Welcome to KQED Arts’ Women to Watch, a series celebrating 20 local women artists, creatives and makers who are pushing boundaries in 2017. Driven by passion for their own disciplines, from photography to comedy and every other medium in between, these women are true vanguards paving the way in their respective communities.
Janice Lobo Sapigao grew up in Northside San Jose, the child of first-generation Filipino immigrants. Her mom worked the night shift, her dad, the day shift, and so Sapigao never saw them together except on weekends. After her dad died when she was just six years old, her family moved in with her cousin — and his family of 12 people.
“I lived in the same room with my mom and my brother for eight years,” Sapigao says. “I was the youngest, really quiet and observant. I didn’t really talk much, which is different from the way I am now!” Now, Sapigao loves to talk, and write, and teach others to do the same.
She’s published two books of poetry — microchips for millions and Like a Solid to a Shadow — as well as two chapbooks: you don’t know what you don’t know and toxic city. She is the Associate Editor of TAYO Literary Magazine. She co-founded an open mic in Los Angeles called the Sunday Jump. She also teaches part-time at Skyline College in San Bruno and San Jose City College, working with many students who haven't had positive experiences with English literature.
Did I hear right watching one of your readings on YouTube: Sapigao means "nuts of the bird?"
When I lived in L.A. (for grad school), I was doing community work in the historic Filipino neighborhood there and I met an elder who taught me Ilokano (a native language in the Philippines), and he told me that. I haven’t checked with any other source, but I like it.
Your parents were first-generation immigrants. How did your mother react when you told her “I want to be a poet!”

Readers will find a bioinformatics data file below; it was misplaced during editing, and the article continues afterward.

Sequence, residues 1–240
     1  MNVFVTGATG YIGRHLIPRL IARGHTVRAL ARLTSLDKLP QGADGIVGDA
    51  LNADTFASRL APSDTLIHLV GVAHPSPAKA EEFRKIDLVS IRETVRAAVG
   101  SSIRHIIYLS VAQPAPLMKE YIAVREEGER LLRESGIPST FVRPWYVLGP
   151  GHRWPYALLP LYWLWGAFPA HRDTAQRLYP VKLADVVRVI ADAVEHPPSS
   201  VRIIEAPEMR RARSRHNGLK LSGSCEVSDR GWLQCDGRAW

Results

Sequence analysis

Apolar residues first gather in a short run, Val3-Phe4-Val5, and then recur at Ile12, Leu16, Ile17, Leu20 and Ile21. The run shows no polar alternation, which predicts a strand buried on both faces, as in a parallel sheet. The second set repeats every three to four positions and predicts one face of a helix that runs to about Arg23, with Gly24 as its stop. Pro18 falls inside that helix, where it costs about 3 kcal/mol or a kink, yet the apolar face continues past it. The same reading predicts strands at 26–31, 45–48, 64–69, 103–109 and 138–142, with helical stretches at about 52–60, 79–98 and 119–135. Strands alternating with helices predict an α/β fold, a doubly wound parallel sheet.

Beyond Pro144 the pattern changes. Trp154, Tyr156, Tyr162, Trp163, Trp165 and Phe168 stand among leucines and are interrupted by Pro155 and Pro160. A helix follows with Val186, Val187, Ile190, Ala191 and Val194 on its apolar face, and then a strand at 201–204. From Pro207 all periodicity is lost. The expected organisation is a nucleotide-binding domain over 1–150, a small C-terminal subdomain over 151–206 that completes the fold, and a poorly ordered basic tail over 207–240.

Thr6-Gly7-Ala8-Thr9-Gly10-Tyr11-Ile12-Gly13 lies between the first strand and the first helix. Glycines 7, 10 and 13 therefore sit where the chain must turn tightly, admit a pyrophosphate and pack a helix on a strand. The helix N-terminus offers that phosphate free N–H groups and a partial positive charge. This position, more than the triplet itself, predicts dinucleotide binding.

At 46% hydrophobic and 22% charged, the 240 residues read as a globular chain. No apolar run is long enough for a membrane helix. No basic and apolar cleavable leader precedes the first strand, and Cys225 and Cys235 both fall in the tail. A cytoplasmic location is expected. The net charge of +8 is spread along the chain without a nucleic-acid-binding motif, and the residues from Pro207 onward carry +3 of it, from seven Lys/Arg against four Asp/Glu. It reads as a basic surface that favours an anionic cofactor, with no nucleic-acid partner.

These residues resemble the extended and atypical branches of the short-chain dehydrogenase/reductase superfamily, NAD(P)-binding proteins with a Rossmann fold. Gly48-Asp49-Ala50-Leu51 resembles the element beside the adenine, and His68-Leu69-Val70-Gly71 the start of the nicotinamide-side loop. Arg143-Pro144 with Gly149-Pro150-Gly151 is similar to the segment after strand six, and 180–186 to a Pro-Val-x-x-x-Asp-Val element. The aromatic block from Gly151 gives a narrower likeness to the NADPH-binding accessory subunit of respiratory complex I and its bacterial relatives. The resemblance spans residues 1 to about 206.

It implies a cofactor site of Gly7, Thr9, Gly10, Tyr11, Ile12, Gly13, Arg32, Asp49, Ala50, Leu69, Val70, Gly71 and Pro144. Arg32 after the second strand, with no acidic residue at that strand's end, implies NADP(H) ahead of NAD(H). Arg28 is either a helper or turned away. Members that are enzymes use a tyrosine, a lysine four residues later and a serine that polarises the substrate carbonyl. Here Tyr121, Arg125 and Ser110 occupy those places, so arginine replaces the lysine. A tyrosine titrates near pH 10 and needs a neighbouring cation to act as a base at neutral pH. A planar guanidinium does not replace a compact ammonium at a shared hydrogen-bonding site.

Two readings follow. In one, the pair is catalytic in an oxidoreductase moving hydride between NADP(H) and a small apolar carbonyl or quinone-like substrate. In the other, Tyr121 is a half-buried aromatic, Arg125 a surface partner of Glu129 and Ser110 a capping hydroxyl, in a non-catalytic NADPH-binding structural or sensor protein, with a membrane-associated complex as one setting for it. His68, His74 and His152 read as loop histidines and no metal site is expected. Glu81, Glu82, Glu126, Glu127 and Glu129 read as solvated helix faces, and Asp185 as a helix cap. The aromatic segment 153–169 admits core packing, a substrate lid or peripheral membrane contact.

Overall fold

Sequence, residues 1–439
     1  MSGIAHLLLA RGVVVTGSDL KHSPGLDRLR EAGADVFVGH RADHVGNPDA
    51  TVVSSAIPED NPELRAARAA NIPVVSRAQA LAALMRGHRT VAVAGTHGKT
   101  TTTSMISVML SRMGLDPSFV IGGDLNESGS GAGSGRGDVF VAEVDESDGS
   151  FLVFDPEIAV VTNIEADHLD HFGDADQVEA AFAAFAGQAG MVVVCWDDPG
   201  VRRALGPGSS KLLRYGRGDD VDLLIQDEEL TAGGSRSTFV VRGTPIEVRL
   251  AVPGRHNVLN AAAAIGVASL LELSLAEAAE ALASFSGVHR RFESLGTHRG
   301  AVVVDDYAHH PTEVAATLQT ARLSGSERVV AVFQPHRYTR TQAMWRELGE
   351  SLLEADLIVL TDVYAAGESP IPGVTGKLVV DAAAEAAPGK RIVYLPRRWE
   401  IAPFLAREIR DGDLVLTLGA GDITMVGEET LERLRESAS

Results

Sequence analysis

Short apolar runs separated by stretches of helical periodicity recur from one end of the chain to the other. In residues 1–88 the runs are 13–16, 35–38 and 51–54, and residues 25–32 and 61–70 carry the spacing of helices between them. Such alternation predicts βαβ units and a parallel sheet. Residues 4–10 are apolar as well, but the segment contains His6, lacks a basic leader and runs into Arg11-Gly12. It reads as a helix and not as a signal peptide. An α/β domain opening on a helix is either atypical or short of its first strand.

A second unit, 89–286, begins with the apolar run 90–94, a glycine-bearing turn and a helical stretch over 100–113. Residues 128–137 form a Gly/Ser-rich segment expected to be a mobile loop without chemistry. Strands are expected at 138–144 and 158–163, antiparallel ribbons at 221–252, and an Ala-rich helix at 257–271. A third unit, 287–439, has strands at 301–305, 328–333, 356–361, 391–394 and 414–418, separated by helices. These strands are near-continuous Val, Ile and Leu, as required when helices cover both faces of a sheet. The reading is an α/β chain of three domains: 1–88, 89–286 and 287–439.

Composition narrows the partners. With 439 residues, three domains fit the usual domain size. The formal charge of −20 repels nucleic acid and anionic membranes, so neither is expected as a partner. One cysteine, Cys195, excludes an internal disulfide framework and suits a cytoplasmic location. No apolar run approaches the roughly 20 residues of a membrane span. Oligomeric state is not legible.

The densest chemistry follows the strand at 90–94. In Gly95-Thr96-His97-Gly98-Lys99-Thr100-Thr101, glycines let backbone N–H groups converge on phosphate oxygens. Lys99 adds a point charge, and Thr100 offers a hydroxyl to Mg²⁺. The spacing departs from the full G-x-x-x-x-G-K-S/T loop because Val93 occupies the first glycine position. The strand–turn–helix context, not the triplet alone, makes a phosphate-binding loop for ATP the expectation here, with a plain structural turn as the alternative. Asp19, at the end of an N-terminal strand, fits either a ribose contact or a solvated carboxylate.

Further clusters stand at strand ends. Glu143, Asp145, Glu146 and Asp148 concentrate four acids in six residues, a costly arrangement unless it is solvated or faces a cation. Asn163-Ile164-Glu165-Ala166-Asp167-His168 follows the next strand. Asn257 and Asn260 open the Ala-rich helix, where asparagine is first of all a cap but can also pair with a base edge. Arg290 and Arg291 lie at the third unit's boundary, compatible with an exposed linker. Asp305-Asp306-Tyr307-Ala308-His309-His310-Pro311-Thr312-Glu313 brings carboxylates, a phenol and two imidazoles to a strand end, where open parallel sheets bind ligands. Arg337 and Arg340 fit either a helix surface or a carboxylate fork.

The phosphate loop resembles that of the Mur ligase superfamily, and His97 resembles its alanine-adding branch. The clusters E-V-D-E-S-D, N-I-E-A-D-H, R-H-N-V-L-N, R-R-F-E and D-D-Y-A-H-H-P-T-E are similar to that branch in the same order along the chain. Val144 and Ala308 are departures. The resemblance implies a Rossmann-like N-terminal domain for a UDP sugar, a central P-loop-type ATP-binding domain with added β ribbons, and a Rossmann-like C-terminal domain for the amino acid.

I never had a moment when I told her I want to be a poet. What she tells my family is that I’m a journalist. She knows that I’ve always written, and I’ve read a lot of books. Her context around writing is different. In the Philippines, especially under martial law, writing was the way you could save your life and risk your life at the same time. A journalist is the closest thing to describing what it is that I do. I don’t know how else to say it, because my Americanness is seeping into everything, and maybe the words in English are not enough to say what she knows and I understand. That’s what my poetry looks like: the pieces of a puzzle trying to come together.
How does teaching pull on different muscles from the work you do as an individual artist?
Teaching forces me — in a good way — to rethink the possibilities of writing, and the possibilities of a story. A lot of students who come in to my classes will say “I’ve never read a book in its entirety.” Or “I’ve never written an essay that I liked.” They think saying that may get me to cut them some slack. I think that’s where the work begins. How can I really change the narrative of what students have been taught belongs in an English class?
What do you find most challenging about being an artist in the South Bay?
I look really young, and I am young, but I feel, being a Filipina, and being an artist, people treat me really shitty. There’s a lack of support from librarians, editors, people in my community who may be thinking that they’re helping me. In grad school, nobody said “Here’s how you’ll really be treated.” Especially when you’re a writer who identifies with several communities of struggle. Every time I try to stand up for myself or question, I get that same negative reaction. Community organizing has taught me that you can’t move the community if the community doesn’t want to move.
What organizations are supportive and “doing it right”?
Silicon Valley Debug. I just started writing a book review column for them. They’ve been super supportive. They do the same with other folks. It’s so welcoming. That’s a necessary resource in San Jose.
What does your ideal future look like for women artists in the Bay Area?
I think of three things: money; more time to create; and residencies which combines both of those things. That are also local and easy to get into! There’s Djerassi and Montalvo, but those are spaces for folks who’ve been able to build up their resumes, not for emerging artists.